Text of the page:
Great Missenden will be forever associated with the author Roald Dahl, who drew on his surroundings in the Chilterns for many features of his characters and their stories. His final resting place is beside the church of Saints Peter and Paul. Now children draw their inspiration from creative activities at the Roald Dahl Museum & Story Centre and Aylesbury's Roald Dahl Children's Gallery complete with glass elevator and giant peach.
Artist Sir Stanley Spencer RA drew much of his inspiration from the riverside village of Cookham, where the Stanley Spencer Gallery is dedicated to his work.
Poet and parliamentarian John Milton (1608 - 1674) chose the Chilterns as his rustic refuge from the plague. The idyllic Buckinghamshire cottage (with charming garden) where he worked on Paradise Lost and Paradise Regained is a remarkable 17th-century survival. Paradise Lost is an epic poem in blank verse published in 1667, and consisted of ten books with over ten thousand lines of verse. A second edition followed in 1674, arranged into twelve books (in the manner of Virgil's Aeneid) with minor revisions throughout and a note on the versification. It is considered to be Milton's major work, and it helped solidify his reputation as one of the greatest English poets of his time. The poem concerns the biblical story of the Fall of Man: the temptation of Adam and Eve by the fallen angel Satan and their expulsion from the Garden of Eden. Milton's purpose, stated in Book I, is to "justify the ways of God to men".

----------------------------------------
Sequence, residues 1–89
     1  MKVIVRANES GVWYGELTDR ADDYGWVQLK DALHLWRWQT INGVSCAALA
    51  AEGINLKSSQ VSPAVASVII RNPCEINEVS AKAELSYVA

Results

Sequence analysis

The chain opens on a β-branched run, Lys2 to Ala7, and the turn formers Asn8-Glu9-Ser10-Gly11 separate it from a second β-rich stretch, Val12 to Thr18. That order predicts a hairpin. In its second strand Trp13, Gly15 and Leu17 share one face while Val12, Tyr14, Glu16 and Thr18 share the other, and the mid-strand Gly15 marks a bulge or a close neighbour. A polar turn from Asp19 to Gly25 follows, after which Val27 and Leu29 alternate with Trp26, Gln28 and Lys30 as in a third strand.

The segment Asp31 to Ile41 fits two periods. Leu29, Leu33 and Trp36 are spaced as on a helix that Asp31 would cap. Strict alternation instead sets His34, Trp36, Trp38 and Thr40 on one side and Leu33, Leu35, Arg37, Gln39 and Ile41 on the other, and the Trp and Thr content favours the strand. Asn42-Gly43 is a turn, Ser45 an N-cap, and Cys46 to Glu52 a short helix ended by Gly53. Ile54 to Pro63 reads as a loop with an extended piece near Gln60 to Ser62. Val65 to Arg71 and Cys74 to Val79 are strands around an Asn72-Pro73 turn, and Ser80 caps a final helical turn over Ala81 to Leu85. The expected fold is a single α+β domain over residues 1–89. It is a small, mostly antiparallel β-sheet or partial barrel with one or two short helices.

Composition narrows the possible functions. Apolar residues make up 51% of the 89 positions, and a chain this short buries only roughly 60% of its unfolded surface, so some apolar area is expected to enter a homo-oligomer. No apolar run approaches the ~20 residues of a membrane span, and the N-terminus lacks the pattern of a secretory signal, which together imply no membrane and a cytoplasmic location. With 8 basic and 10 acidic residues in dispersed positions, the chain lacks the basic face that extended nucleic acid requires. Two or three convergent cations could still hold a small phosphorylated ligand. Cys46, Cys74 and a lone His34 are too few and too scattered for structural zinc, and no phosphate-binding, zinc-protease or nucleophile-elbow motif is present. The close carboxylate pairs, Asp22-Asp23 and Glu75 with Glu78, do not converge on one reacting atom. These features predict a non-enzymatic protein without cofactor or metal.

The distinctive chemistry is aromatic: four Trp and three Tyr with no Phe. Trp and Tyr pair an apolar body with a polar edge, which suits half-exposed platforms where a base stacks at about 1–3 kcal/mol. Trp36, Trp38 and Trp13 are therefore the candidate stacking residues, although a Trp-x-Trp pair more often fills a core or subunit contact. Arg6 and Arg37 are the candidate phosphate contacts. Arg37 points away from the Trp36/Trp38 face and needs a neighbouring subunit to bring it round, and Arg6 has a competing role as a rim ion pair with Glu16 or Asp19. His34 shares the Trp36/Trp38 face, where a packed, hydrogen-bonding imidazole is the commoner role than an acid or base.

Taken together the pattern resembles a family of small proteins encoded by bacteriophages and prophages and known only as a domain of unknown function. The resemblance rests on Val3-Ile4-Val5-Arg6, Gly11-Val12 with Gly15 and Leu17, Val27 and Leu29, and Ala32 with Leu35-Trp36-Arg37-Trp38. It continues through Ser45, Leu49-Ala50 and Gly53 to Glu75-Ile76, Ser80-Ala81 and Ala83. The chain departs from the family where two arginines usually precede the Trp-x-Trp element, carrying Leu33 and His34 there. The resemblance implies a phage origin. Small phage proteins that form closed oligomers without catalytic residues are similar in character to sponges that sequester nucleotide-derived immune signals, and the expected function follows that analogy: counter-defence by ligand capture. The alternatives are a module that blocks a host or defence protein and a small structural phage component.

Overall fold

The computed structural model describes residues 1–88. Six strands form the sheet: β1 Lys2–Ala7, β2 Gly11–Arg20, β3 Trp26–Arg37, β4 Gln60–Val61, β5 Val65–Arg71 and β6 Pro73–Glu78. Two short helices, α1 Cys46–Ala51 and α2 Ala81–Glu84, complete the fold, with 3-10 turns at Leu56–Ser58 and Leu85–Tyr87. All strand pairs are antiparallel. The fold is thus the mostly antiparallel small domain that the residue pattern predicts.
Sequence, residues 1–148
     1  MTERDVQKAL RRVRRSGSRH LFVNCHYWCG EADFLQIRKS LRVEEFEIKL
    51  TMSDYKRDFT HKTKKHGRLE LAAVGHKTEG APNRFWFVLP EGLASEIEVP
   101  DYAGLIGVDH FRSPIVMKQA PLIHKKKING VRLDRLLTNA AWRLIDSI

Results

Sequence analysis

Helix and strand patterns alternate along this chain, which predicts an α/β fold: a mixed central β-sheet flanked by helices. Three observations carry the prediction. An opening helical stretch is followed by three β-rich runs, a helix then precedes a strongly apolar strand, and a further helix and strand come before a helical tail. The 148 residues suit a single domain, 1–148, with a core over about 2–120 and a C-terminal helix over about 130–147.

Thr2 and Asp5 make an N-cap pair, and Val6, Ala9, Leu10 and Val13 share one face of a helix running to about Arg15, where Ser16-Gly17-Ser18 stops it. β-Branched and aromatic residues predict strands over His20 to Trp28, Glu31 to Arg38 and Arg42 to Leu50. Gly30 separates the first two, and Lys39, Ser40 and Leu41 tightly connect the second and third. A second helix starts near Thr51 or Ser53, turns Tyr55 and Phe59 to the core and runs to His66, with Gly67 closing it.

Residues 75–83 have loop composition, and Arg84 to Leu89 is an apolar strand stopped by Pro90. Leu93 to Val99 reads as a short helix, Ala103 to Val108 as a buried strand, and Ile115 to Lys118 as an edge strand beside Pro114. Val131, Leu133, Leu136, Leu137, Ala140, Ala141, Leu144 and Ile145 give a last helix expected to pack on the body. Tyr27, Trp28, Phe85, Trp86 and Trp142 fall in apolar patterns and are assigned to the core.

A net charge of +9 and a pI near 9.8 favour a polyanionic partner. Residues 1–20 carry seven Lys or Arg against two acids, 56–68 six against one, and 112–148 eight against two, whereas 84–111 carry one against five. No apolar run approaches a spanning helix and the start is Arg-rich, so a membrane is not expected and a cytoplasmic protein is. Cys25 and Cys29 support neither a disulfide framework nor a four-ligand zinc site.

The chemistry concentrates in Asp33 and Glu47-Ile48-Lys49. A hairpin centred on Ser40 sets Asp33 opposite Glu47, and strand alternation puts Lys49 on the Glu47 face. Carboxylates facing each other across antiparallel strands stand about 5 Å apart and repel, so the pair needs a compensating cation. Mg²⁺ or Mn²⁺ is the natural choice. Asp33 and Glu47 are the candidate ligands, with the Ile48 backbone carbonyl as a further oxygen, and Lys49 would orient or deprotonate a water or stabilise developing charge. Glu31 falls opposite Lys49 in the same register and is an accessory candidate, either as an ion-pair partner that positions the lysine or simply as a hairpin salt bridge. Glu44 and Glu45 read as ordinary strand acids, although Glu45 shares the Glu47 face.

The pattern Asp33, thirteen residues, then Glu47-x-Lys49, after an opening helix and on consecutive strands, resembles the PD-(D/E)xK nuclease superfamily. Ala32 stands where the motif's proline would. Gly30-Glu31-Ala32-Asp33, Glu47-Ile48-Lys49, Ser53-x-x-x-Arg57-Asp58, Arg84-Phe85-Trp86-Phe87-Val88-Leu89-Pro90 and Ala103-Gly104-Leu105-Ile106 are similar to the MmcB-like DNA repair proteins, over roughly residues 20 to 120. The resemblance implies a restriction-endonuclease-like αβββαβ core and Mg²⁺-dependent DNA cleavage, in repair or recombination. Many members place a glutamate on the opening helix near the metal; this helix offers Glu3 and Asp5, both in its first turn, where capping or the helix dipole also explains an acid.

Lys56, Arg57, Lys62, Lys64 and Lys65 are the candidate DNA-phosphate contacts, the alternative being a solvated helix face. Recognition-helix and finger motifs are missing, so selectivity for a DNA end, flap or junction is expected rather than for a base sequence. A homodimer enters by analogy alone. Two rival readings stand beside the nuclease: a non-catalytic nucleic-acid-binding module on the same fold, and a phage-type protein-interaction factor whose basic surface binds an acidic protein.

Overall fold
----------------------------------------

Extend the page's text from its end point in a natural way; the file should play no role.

Graham Greene was brought up in Berhamsted, where his father was headmaster of the Collegiate School. The Graham Greene Trail starts here.
Jerome (Klapka) Jerome is buried in the churchyard at Ewelme, beside the 15th-century almshouses endowed by Chaucer’s great-granddaughter. Ewelme is an interesting village in a lovely setting. A chalk stream flows through the village, where watercress was once grown commercially. There is a pub and a village shop serving teas and coffee.